LEIDEN TO WIN THE MATCH AGAINST ROTTERDAM
I didn’t know who had written the letter, but it was someone who couldn’t spell ‘friend’.
‘Good news?’ asked the young woman at reception.
‘Maybe… ‘ I said.
Who had bet on Leiden to win the match? Where could I find out? I rang Elly.
‘Now, let’s see,’ said Elly. ‘Most of the betting on sport is done through a betting office called Kanters. Try a guy called Ronnie in the office here in Amsterdam and give him my name. He owes me something. He should be able to help you.’ Then she added, ‘And be careful, Kate.’
A few minutes after talking to Elly, I rang Jos van Essen.
‘Miss Jensen, what a surprise!’ he said.
‘Mr van Essen,’ I said, ‘I was wondering… I’ve heard that Rotterdam are playing Barcelona tomorrow and, well, I’d like to see the match.’ I knew that as an ex-player he would have tickets.
‘Well… yes, of course. Why not come with me?’ he asked.
‘That would be great!’ I said.
‘Good. I’ll pick you up at your hotel around 5.30. The match starts at 7.30. Goodnight,’ said the beautiful striker.
I put the phone down. Life, I thought, was beginning to look interesting.
That evening life suddenly got even more interesting. At about 10.30 I decided to go out for a walk. I needed some air and I needed to think. It was dark by now and there were very few people walking around near the hotel. I walked slowly down Keizersgracht, staring at the pavement, thinking about everything that had happened during the day. I walked down by the canal.
Suddenly a car stopped in the street next to me. A dark shape jumped out, came up behind me and pulled my arm behind my back. It hurt like hell. ‘Get in the car and don’t make a noise, or I’ll break your arm,’ the guy said. I didn’t recognise the voice.
I raised my foot and kicked the guy hard in his right leg. At the same time I pulled back my free arm and put my elbow into his chest. My attacker wasn’t expecting this and it worked well, taking his breath away.
The guy let go and I turned round quickly. I looked up and saw a tall dark-haired man with clear blue eyes.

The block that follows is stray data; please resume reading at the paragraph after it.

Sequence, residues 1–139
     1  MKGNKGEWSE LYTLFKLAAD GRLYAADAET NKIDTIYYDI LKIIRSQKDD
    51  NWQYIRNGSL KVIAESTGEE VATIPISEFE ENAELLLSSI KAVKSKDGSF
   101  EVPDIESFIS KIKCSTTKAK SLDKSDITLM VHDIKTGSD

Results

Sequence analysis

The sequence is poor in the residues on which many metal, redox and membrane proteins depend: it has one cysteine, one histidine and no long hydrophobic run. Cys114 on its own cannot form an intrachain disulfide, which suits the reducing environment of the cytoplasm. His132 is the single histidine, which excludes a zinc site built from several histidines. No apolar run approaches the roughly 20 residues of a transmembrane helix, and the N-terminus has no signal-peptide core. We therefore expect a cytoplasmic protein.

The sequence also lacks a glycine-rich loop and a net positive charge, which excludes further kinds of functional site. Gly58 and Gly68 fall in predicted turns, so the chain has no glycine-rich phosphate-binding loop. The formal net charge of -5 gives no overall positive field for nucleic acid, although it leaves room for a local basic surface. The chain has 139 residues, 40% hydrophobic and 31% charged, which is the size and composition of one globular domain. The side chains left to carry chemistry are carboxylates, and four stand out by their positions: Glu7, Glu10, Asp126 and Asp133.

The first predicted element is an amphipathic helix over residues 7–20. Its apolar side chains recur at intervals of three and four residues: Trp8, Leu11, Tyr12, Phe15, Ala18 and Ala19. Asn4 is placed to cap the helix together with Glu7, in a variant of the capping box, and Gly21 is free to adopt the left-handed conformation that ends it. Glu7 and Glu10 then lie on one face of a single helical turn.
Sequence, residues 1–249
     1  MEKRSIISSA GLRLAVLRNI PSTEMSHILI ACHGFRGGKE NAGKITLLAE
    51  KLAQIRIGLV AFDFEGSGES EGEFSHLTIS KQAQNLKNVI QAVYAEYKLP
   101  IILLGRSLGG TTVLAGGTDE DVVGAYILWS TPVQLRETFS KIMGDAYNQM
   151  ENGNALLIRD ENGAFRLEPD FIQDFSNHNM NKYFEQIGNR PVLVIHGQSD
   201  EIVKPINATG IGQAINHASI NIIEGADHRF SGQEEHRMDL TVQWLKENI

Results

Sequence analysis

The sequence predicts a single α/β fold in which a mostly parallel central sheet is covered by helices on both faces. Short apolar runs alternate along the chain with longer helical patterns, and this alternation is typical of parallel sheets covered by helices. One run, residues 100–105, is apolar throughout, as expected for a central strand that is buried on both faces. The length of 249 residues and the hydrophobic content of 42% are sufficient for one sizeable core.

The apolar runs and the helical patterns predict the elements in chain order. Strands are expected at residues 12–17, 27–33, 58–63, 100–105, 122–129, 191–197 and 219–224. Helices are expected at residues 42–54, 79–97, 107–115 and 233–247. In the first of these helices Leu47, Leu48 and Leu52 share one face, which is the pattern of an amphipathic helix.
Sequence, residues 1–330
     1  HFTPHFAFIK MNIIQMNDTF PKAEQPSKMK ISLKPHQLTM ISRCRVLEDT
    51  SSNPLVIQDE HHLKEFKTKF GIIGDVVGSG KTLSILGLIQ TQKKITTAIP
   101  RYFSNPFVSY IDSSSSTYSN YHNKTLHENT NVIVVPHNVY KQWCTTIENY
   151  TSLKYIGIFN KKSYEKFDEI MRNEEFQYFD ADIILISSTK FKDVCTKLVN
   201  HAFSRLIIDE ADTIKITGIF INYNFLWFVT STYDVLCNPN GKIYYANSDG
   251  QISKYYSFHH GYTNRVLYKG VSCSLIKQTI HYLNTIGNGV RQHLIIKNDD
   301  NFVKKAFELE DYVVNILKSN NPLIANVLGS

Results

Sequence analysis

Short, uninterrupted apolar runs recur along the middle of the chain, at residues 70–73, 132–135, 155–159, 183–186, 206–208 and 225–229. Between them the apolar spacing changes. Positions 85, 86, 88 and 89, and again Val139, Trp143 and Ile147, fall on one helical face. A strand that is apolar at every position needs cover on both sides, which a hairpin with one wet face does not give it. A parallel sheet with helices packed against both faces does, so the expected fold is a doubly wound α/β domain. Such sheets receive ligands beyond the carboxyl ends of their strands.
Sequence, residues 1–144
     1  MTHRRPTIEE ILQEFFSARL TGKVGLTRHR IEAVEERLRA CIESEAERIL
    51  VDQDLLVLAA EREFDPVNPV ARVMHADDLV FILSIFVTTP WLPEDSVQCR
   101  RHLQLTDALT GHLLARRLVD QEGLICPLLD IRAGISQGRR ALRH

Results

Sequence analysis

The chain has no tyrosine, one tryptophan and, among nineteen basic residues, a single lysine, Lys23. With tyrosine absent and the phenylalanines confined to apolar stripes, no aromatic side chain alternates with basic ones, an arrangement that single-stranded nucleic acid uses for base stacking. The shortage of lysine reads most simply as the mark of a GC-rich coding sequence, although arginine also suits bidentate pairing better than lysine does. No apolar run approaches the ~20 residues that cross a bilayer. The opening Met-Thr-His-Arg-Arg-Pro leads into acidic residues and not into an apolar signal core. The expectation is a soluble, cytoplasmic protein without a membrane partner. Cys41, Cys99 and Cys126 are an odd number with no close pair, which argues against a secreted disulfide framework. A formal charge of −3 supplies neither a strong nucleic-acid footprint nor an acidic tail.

‘Come here,’ he said. He pulled me, trying to get me into the car.
‘Hey, say please,’ I said, fighting back. He was smiling, almost making fun of me. That made me really mad. He was quite strong, and much bigger than me, but my years of karate training had made me fast. I also knew how to surprise him.
He managed to pull me nearer to the car. I stepped back on my left foot, pulled up my right leg quickly and gave him a karate kick in the stomach, with my right foot. I put all my weight behind the kick and it surprised him. He was tall, but if you hit the stomach, size doesn’t matter. He started to fall over like a tree and, as he fell, I hit him on the side of his head with my elbow. The elbow is the hardest bone in the body and in no time he was on his knees, holding his head between his hands. He realised then that it was not going to be as easy as he had thought. He hadn’t expected me to put up such a fight. He quickly climbed back into his car looking around nervously. He was probably afraid that the noise would bring people out to see what was happening.
He was going to get away. I looked around to see if there was anyone who could get help, but the street was empty. I wanted to stop him, but there was no way I could stop him on my own. The next moment there was a screeching noise as my attacker started his car, put his foot down hard, and raced off down the road.